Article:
This time with this in-a-total-tailspin company? Not so simple. Everyone was running around crying that the sky was falling, and the best person to help him, he'd been told by someone with an interest in his success, was no longer with the company. Furthermore, there was a mystery attached to her departure, one that her former coworkers had refused to discuss. But he'd been able to glean this much. The woman, Meg Leighton, was here in this building right in front of him.
Etienne stared at the crumbling brown brick and the unkempt lawn. One would think a person living in such a place would be easy to influence, but no. He'd been told that she would be extremely reluctant and he would have to find another avenue.
"Oh, but I'm a very determined man, Meg Leighton," he muttered to himself as he exited the car. "And I need you, mademoiselle. Very much. I intend to have you." Now that he'd made the commitment to save the company, there was no going back. He hadn't just bought a company. He had taken on the responsibility for people's lives and he absolutely was not going to fail them. That would be unthinkable, the past repeating itself, and it would be totally unbearable to damage another person again.
Besides, most people had tipping points. They could be persuaded once one discovered their weaknesses.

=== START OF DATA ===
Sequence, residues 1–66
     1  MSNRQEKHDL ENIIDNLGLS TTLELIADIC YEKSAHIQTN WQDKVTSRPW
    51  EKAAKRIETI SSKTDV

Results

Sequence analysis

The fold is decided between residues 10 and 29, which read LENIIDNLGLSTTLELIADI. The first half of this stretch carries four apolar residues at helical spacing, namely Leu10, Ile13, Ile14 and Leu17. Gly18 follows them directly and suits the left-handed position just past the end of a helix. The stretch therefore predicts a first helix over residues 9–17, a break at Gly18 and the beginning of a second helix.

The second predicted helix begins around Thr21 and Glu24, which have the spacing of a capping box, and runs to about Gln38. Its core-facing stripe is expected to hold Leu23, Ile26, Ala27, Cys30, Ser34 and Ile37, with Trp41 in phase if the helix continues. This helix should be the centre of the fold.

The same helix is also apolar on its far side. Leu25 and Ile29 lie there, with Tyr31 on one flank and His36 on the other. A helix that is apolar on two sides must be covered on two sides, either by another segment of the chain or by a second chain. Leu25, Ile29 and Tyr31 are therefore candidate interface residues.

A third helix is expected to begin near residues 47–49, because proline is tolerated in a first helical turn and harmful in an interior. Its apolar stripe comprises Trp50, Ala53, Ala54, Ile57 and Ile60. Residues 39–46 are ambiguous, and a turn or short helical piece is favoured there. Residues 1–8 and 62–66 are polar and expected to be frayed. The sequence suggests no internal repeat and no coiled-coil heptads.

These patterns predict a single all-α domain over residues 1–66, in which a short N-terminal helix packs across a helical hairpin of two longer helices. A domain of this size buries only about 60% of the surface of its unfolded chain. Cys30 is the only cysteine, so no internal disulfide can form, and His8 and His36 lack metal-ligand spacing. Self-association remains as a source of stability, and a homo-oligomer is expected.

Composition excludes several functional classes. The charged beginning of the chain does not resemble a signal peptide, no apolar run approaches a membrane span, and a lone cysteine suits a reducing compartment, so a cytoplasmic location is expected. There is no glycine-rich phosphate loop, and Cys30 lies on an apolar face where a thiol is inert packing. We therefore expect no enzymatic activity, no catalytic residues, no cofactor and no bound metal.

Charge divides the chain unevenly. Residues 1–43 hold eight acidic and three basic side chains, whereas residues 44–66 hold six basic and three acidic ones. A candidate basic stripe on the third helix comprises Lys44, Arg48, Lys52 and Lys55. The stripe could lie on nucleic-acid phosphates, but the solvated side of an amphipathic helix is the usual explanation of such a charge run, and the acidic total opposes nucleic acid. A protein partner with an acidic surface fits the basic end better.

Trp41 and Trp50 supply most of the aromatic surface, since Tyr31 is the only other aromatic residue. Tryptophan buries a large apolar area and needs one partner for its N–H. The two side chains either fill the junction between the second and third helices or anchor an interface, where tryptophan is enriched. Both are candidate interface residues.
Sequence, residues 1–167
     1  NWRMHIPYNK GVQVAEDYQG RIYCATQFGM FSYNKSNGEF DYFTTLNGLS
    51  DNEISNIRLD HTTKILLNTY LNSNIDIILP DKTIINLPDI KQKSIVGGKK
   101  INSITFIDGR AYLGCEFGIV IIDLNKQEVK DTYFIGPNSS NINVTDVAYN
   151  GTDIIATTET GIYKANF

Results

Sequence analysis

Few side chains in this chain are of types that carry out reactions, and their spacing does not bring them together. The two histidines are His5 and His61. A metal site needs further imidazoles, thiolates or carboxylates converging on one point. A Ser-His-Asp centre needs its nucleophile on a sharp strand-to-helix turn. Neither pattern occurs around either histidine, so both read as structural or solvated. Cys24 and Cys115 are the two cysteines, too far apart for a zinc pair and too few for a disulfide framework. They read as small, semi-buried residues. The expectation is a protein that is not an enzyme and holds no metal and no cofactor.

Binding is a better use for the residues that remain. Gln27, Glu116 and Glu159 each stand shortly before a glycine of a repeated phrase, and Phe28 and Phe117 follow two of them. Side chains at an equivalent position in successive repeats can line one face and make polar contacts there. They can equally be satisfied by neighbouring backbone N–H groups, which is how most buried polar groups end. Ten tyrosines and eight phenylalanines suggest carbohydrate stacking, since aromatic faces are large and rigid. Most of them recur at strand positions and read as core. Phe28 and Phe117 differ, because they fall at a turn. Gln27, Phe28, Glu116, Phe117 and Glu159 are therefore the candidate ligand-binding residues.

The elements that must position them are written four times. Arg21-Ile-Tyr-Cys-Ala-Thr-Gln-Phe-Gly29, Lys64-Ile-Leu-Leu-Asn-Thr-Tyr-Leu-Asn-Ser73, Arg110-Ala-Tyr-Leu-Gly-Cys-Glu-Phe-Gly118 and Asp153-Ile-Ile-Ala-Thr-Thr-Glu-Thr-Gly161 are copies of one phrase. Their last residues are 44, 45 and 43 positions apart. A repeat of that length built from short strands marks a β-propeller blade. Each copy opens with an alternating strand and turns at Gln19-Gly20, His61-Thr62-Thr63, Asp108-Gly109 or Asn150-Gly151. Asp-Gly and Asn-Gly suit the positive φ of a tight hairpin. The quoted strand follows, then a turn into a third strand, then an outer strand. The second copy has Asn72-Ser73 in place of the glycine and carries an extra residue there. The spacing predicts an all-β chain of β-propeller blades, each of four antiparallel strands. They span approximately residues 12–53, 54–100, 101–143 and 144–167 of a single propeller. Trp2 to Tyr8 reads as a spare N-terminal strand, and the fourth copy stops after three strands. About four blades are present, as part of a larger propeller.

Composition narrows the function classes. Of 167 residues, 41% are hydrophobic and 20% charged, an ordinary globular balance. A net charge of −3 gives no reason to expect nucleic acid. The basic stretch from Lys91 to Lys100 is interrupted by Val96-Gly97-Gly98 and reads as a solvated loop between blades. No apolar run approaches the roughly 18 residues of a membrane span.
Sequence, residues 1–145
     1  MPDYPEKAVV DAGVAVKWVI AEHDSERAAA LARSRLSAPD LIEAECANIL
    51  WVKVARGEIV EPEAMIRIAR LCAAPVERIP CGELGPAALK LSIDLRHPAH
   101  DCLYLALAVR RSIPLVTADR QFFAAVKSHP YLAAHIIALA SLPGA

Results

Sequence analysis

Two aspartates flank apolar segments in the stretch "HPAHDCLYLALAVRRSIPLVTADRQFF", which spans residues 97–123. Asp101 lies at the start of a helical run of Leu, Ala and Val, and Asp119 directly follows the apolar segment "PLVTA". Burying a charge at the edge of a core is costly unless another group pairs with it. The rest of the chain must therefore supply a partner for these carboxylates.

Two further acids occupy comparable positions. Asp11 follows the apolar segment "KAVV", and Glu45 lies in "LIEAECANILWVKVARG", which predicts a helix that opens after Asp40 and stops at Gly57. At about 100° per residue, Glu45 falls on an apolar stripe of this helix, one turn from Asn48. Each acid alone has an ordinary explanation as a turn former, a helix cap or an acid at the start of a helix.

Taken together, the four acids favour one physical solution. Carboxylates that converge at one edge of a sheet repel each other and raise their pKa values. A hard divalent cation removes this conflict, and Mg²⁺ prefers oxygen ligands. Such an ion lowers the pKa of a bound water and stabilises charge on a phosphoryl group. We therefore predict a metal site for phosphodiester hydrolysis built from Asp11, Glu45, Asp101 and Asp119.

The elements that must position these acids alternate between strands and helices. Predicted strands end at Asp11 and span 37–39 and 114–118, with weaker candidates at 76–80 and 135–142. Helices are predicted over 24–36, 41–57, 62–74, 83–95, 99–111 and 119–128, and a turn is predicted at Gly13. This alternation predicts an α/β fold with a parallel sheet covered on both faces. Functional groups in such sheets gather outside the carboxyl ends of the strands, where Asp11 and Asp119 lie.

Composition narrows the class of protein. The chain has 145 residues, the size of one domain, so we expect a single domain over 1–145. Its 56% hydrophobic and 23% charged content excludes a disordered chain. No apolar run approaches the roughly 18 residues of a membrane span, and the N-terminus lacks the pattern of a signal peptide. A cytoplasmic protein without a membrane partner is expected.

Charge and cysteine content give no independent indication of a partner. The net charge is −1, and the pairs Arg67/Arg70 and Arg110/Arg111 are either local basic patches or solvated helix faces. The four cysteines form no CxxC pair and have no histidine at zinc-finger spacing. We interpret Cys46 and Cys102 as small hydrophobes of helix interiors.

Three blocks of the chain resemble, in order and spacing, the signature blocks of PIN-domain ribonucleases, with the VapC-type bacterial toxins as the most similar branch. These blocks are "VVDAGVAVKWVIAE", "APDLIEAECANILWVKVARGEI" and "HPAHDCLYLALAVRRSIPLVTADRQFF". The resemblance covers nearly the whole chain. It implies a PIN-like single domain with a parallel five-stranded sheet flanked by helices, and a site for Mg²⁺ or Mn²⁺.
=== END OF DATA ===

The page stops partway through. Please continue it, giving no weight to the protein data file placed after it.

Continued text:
Etienne wondered what Meg Leighton's weaknesses were. Time to find out. He stepped forward and pushed open the door to the building.
"Lightning, there's a man coming to see us," Meg told her cat as she hung up the phone. "I hear that he's French. He's also tall, blue-eyed and very handsome."
Lightning looked incredibly bored. The cat yawned.
"I agree," Meg said to herself. "Who cares about that? Handsome Frenchmen come to our door every day."
The cat simply stared.
"All right, so maybe we don't have Frenchmen ringing our doorbell, or handsome men tapping on the windowpane or…well, let's face it, sweetie, we just don't get too many men around here at all. Even our mailman is a mail-woman," Meg conceded. "But that's not the point."
The point was that Meg's friend, Edie, from the home office of Fieldman's Furnishings, had just called. It appeared that the new owner of the company was going to try to persuade Meg to do something she didn't want to do; come back to the company. But that just wasn't going to happen. Fieldman's had once been the closest thing to a real home that Meg had ever had. Mary Fieldman had hired her when she had only been sixteen and an at risk teenager. She had literally saved Meg from herself, but after Mary's death, the business had also been the site of Meg's biggest and most public and painful humiliation. The once warm feeling Fieldman's had given her had been completely replaced by scalding regret, pain and anger directed at herself. She had allowed herself to forget the ugly lessons she'd learned growing up an outsider at home and in school and all that had followed as a result of her outsider status. The end result of that forgetfulness had been the shame-inducing fiasco at Fieldman's.